This campaign starts with an American steel frame, wrapped in the sustainable fabric of your choice, and filled with memory foam. Campaign’s furniture isn’t modular in the sense that you can add more seating on a whim, but the fabric covers and legs are designed as part of an ecosystem to be swapped in and out in the future.
I checked out a sofa in vintage blue merino weave with mahogany stain legs (duh all around). There are no chaise or ottoman options (yet), and no optional integration of features like wireless charging. If you want to stump for Campaign, you’ll need to prepare accordingly, as Amazon clocks the shipping weight of the sofa in at ~150 pounds. American steel baby.
Sitting on memory foam is very different than sitting on standard couch cushions. While support and durability go way up, you’ll be taken aback at the lack of loftiness the first time you plop. The fabric repels liquid and vacuums off easily.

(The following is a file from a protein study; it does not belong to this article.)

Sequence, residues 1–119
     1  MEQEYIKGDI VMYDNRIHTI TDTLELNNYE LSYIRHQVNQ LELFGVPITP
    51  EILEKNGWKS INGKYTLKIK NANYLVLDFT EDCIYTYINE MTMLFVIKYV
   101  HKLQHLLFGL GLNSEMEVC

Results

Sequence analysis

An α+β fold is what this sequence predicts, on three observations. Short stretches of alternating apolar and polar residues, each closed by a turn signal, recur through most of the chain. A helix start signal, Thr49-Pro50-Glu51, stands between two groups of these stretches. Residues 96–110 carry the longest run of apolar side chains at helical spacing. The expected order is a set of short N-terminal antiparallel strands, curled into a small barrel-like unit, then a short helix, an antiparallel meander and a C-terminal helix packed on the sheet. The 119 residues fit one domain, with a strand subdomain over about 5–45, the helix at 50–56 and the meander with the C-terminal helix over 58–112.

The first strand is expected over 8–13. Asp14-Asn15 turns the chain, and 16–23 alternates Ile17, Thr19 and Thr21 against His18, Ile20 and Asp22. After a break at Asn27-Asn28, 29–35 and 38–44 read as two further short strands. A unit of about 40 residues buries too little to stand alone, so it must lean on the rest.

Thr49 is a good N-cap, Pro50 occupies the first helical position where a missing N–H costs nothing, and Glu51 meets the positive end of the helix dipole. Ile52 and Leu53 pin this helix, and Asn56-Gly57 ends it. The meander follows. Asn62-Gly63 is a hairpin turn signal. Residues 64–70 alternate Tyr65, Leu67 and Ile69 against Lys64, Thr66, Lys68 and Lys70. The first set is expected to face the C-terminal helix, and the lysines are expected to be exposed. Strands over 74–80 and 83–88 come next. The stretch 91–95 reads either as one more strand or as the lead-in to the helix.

A sofa is going for $1095 after applying a coupon on Amazon as I write this, while our recent exclusive discount brought Burrow’s three seater down to $995. Obviously there’s no limit in either direction to furniture pricing, but this is all to say that Campaign’s focus on quality hasn’t caused them to ring up much higher than the competitive set.
The last time I bought a couch I looked at more than 4000 options, and now even the direct-to-consumer furniture space is filling up. Campaign is priced competitively and built to outlast you, with more careful thought put in to each design element and material than pretty much anyone else out there. We’re psyched to watch their catalog get filled out.
I also got my arms around Campaign’s vegan leather pillows, which are absolutely glorious. I’ve never liked a throw pillow before, and I’ll be first in line when Campaign wraps the rest of their furniture in this stuff.